Keith Anderson, the chief executive of Scottish Power, has explained his company’s new focus on renewable energy with reference to climate change and the IPCC’s stark warnings just last week.
He stated that: “My absolute belief is that (industrial) organisations need to be at the forefront of that change (called for by the IPCC). We can’t be part of the problem, we have to be part of the solution.”
How very different the approach of Banks Mining company, which has taken the Government to court to try to overturn its rejection of Banks’ application to build a new opencast coal mine within a stone’s throw of the beauty spot, Druridge Bay.
Its head seems to be stuck in the sand more deeply than that of any ostrich.
As a signatory of 2015’s Paris Agreement, the UK is both morally and legally bound to ‘pursue efforts to limit the temperature increase to 1.5C’.
This is an enormously challenging goal, which allows no latitude whatever for ‘carbon indulgence’.
But Banks doesn’t seem to have noticed.
Likewise, on November 16 last year, Claire Perry, the UK’s Climate Change Minister, declared that ‘the time for coal has passed’, when she launched the Government’s new Powering Past Coal Alliance initiative.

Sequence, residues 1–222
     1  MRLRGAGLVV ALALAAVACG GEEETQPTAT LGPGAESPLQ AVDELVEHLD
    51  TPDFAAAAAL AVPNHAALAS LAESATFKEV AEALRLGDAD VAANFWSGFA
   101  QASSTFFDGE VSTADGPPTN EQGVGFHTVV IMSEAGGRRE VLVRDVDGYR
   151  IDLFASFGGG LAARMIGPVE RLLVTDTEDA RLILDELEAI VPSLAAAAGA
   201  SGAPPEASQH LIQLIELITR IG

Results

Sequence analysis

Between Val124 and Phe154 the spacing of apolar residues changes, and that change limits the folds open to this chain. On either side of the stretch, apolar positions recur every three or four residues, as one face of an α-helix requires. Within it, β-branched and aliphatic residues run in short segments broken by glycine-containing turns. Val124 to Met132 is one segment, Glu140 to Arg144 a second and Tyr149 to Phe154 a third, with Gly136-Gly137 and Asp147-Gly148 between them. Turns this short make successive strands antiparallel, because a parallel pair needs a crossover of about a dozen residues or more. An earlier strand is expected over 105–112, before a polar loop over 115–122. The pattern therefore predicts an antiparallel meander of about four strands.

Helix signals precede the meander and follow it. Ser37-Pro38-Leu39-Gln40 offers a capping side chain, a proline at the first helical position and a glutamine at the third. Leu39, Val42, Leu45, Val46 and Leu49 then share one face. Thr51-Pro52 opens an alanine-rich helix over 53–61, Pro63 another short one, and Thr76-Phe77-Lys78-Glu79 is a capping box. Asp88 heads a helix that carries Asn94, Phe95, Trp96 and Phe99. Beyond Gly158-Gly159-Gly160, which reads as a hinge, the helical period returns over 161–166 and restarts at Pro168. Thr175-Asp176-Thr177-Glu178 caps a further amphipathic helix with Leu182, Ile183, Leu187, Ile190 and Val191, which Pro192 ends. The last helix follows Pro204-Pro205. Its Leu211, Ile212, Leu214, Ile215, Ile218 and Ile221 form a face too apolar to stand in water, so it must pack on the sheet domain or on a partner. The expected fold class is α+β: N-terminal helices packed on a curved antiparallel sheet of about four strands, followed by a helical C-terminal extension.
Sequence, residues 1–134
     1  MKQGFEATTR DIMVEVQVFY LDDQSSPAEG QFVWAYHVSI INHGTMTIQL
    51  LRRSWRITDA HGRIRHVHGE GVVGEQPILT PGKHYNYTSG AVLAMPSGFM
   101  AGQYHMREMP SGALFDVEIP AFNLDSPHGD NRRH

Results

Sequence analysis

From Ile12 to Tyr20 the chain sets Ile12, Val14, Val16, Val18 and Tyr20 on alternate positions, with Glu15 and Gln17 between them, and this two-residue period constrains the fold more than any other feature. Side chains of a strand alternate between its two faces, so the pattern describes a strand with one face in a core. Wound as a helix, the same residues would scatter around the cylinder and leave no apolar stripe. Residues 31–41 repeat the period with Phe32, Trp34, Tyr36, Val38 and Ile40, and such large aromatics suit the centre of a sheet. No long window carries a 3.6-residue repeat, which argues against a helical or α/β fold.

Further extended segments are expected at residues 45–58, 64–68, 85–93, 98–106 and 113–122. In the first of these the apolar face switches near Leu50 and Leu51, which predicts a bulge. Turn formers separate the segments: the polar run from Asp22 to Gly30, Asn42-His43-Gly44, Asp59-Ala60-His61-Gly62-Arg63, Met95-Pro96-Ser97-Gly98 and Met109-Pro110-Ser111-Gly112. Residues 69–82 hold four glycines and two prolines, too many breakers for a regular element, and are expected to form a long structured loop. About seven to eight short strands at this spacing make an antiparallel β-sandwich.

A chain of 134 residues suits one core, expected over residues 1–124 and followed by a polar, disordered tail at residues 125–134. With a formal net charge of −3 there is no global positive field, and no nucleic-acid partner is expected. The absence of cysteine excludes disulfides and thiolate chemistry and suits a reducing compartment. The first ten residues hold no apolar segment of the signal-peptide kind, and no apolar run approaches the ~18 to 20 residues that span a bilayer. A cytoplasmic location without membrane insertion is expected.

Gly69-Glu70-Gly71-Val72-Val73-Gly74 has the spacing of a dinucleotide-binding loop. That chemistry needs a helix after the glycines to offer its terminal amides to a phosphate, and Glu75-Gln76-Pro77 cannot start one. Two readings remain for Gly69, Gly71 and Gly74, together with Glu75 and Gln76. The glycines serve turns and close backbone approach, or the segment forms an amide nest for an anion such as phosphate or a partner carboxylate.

But this also seems to have passed Banks by, leaving it like an old record where the needle is stuck in one of the grooves, playing the same old, tired tune, over and over again.
Nathalie Lieven QC, for the company, says that the Government’s decision was ‘plainly wrong’.
But she ignores the message that approval of the mine would send to the country’s industry and finance – namely, that it’s still ‘business and usual, so carry on polluting’.
But even more serious would be the damaging impact of this message abroad.
John Ashton CBE, who served three Foreign Secretaries as Special Representative on Climate Change, told the public inquiry: “The goal of UK climate diplomacy has been to accelerate the move away from fossil energy, and especially from unabated coal, across all the major economies. But the foundation for all effective diplomacy is action at home.
“If you do not walk your talk, those you seek to influence stop listening. If we were to press ahead with the development of new coal resources at home, we would be cutting our climate diplomacy off at the knees, and undermining our fundamental national interest in a successful global response to climate change.”
Just so – we have to “walk our talk”.
In contrast, consent for any new coal mine here would serve as a green light for further exploitation of this most polluting of fuels throughout the world.
“The time for coal has passed”, stated Claire Perry.
It has indeed, and so has the time when it was acceptable for us to treat the atmosphere like an open sewer into which we can discharge our pollution.
It’s time for Banks to wake up and drag itself into the new, low carbon world.
David W Golding,